Blog Posts 1–5, based on the United States of America Department of the Army Field Manual: Holistic Healing and Fitness, describe what really matters for your child’s sleep. If sleep is an important enough topic for national defense than surely sleep should be considered a serious topic for parenting!
I created the term ‘Sleep Training’ as a shorthand phrase to describe several strategies that parents could use to help their child achieve healthy sleep. Blog Post 49 reviews the history of the term ‘Sleep Training’.
The phrase ‘Sleep Training’ echoes similar notions of ‘toilet training’, ‘Parent Effectiveness Training (PET)’, and ‘obedience training’ for our German Shepard. Although today, the phrase, ‘Sleep Training’, usually refers to only the extinction method (Blog Post 25), the original use of this phrase referred to a package of items (Blog Post 95A), not just one item. Just as there is not just one item that is performed for toilet training, PET, or obedience training, there are several different things performed to achieve your goal of healthy sleep.
To illustrate how the different items involved in ‘Sleep Training’ are interrelated, I used the image of a rotating Ferris wheel and created the metaphor of the Sleep Wheel (Blog Posts 152 and 153). The rotating Sleep Wheel also adds a dynamic quality to the notion of ‘Sleep Training’ because parents do different things at different times over a twenty-four period.
Another feature of ‘Sleep Training’ is that as your child becomes older, the items that are important to achieve or maintain healthy sleep change. For example, as your child becomes older, the bedtime hour changes, and napping patterns change.
Perhaps because some sleep deprived parents are in a hurry to get their own sleep back, some parents have unrealistic expectations regarding how quickly their child will learn to sleep better. It is important to remember that the ‘Sleep Training’ process or the development of healthy sleep habits takes time. It is a learned skill, like learning how to ride a bike.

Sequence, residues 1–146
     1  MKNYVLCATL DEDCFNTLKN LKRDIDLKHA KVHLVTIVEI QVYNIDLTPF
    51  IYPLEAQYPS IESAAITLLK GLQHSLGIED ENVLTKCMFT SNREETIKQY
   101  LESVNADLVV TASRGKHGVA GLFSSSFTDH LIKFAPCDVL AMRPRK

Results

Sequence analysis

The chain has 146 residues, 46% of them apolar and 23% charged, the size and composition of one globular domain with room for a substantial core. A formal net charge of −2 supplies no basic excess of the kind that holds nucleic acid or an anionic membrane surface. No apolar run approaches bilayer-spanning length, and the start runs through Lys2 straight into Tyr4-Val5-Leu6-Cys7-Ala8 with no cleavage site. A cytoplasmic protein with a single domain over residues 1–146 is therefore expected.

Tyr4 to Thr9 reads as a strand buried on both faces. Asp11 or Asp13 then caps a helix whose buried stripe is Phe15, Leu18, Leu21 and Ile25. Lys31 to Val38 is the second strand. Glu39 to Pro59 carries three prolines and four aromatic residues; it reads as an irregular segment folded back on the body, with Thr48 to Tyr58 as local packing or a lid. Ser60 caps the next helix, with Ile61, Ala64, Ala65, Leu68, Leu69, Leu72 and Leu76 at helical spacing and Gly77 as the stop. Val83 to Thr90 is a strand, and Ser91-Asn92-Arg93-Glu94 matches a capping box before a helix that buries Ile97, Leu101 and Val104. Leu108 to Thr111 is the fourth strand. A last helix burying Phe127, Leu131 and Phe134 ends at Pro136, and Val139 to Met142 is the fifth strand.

Training wheels are mounted parallel to the rear wheel of a bicycle to assist learning how to balance. Over time, they are gradually raised as the child’s balance skill increases. The emphasis here is that the wheels are slowly raised as the child’s skill slowly improves. Eventually, learning how to ride a bicycle without training wheels is achieved. Some children acquire this skill faster than others, but a parent’s patience is always rewarded with a confident bike rider.
Similarly, some very young children require a lot of parental soothing to sleep while other children require less. Over time, parents can reduce the intensity and duration of the soothing to sleep process as the child acquires more self-soothing skills. ‘Sleep Training’ is a learning process. It takes time to develop the skills of self-soothing to independently fall asleep at bedtime or for naps and the ability to return to sleep unassisted in the middle of the night. Fast learning occurs over only a few days in infants who have not experienced chronic sleep deprivation or have not learned unhealthy sleep habits.
When an older child is not sleeping well and parents start a sleep solution (Blog Posts 26, 133, and 138), the improvement is often sequential (First, night sleep. Second, the morning nap. Third, the mid-day nap). The improvement sometimes occurs fast and sometimes slow. The reasons for slow improvement might be related to the parent (Blog Post 155) or the child’s temperament (Blog Posts 46 and 47) or infant colic (Blog Posts 43 and 44). If your child has not been sleeping well for a long time, it may take a few weeks to pay back a chronic sleep debt and achieve a well-rested state (Blog Post 80).
Please remember that patience is required when you attempt to help your child develop healthy sleep habits or when you attempt to fix a sleep problem.